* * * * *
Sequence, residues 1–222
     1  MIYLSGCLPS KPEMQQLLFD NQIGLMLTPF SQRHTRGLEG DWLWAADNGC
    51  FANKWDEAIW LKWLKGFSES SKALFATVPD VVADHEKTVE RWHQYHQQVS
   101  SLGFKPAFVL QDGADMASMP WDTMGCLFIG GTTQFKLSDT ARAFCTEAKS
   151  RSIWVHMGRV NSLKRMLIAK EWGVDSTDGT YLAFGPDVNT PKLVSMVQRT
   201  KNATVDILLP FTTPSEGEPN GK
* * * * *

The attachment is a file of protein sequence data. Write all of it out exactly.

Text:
Sequence, residues 1–222
     1  MIYLSGCLPS KPEMQQLLFD NQIGLMLTPF SQRHTRGLEG DWLWAADNGC
    51  FANKWDEAIW LKWLKGFSES SKALFATVPD VVADHEKTVE RWHQYHQQVS
   101  SLGFKPAFVL QDGADMASMP WDTMGCLFIG GTTQFKLSDT ARAFCTEAKS
   151  RSIWVHMGRV NSLKRMLIAK EWGVDSTDGT YLAFGPDVNT PKLVSMVQRT
   201  KNATVDILLP FTTPSEGEPN GK